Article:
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is no point in being co-operative towards those who will not sacrifice their own short-term gain for long-term mutual benefits. But an association of isolated individuals bound not by a sense of place, nor by extensive family connections, nor by loyalty to an employer, but only by the fleeting ties of selfinterest, cannot be a good society. Such a society will fail even if it professes that its role is only to allow each individual citizen 'life, liberty and the pursuit of happiness'. It will fail to allow this, not only for the poor, but even for the rich. As Robert Bellah and his colleagues write in Habits of the Heart: 'One cannot live a rich private life in a state of siege, mistrusting all strangers and turning one's home into an armed camp'. 29 In ethics and the formation of a community there are virtuous spirals and vicious spirals. If Aristotle was right to say that we become virtuous by practising virtue then we need societies in which people are encouraged to begin to act virtuously. In major cities whose populations are embued with the individualist ethos of material self-interest, the green shoots of mutual trust or a virtuous disposition struggle to survive, let alone grow and flourish. Bizarre as it may seem, we shall see in Chapter 6 that engmy soldiers facing each other from the trenches of World War I had a better basis for practising reciprocity than do the anonymous members of modern cities. We are in the process of creating societies that are mere aggregations of mutually hostile individuals, teetering on the brink of Hobbes's war of all against all. Wherever the sovereign cannot bring enough force to bear, the war could break out, and the individuals are more lethally armed than Hobbes could ever have imagined. Unless we begin now on the difficult task of restoring a sense of commitment to something other than oneself, that is the future we face. I wrote the preceding paragraph early in April, 1992, and wondered if readers would consider it an exaggeration. But at the end of that month, television viewers around the world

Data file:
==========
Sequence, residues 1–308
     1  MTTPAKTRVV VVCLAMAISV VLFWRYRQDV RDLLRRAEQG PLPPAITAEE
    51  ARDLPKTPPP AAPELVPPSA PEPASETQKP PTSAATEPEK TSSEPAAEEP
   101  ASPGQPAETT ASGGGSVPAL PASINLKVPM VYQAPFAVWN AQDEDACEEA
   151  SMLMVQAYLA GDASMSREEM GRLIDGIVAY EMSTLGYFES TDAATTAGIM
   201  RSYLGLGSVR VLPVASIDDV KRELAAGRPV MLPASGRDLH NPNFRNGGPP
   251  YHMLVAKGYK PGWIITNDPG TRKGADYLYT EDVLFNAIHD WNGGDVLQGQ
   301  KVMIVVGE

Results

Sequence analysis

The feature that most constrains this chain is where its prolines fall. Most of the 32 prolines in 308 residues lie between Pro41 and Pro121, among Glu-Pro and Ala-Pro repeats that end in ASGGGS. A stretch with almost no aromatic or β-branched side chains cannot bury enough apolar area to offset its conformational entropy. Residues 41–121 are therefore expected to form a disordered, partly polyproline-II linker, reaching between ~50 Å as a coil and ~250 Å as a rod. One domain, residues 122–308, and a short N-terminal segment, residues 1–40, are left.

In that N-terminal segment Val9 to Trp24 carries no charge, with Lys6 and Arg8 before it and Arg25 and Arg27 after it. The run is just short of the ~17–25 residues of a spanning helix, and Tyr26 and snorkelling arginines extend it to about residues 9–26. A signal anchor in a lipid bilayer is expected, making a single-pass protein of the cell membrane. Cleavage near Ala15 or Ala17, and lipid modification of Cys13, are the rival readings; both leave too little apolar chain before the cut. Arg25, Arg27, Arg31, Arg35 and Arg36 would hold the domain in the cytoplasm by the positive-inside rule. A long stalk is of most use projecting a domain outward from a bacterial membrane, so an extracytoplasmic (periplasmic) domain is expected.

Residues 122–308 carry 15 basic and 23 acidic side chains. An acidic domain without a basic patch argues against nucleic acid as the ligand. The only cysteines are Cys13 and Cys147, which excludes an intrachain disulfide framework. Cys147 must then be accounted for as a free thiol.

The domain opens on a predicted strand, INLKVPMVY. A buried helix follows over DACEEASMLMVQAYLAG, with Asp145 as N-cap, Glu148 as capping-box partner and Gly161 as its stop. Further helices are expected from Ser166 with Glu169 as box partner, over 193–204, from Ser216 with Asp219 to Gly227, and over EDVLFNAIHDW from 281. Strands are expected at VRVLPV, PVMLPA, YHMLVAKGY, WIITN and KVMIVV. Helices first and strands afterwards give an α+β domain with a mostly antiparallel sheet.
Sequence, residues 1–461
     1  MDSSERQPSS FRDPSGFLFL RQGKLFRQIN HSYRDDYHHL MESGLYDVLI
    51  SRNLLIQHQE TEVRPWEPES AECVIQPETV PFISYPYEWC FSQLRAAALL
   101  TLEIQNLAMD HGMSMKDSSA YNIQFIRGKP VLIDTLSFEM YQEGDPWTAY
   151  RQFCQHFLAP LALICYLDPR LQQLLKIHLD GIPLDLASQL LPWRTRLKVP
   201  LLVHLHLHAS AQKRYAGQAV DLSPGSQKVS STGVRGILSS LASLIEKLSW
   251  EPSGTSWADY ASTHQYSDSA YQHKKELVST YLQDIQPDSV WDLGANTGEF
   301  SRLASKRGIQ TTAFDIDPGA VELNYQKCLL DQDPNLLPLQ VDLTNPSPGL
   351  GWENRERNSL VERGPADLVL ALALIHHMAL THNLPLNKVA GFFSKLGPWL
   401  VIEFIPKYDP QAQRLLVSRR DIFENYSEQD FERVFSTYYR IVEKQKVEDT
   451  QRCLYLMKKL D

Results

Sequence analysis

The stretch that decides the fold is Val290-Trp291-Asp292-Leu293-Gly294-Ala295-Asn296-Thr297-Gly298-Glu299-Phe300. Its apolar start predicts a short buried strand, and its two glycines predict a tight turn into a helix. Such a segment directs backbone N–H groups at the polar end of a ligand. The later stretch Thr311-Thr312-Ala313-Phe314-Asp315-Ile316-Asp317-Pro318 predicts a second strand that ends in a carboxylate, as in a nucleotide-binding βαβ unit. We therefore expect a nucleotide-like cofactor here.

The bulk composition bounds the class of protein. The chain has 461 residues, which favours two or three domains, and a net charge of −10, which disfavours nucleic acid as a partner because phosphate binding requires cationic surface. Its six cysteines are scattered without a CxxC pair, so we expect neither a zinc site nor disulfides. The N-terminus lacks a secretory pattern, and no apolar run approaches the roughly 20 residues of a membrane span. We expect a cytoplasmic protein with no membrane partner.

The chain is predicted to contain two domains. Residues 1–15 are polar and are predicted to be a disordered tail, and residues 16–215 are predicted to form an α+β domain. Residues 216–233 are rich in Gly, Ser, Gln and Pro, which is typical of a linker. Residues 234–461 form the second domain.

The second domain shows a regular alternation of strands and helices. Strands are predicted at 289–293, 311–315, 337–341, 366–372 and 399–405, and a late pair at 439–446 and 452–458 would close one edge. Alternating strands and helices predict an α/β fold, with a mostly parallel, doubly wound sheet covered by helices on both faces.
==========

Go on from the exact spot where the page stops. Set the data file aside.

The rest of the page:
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; Saw it confirmed all too vividly in the Los Angeles riots sparked , by the acquittal of policemen videotaped in the act of beating ' Rodney King. While the acquittal undoubtedly caused justi! fied outrage, the riots soon took on a life of their own. A key j element was that the riots made it possible to take consumer I goods without paying for them. Everyone was doing it, and ; the police could not be everywhere at once. In addition to the JJDolice, at the time of the riots, there were 3,500 private security firms in Los Angeles, employing 50,000 guards, but even Hhat was not enough. 30 One journalist painted this picture: The five-mile length of Western Avenue up to Hollywood Boulevard was a looter's alley of a bizarre modern kind. Like all the other Los Angeles commuters, the looters came by car, parking on the pavements with doors and boots open, as shoes, clothes, television sets, compact disc players, and bottles were tossed inside. The parking lots of the big shopping malls look like so many bankruptcy sales. Looters stacked supermarket trolleys with their takings and wheeled them to their cars. Beds and sofas were piled precariously on to trucks and driven triumphantly away. There was a traffic jam to get in to loot the giant FedCo discount store on La Cienaga, and at one Sears store, a helicopter television crew filmed looters arriving in a yellow cab . . . On Sunset Boulevard on Thursday evening I watched children with mobile phones co-ordinate the movements of their gangs with the arrival of police and fire trucks, warning looters when police were on their way. 3 1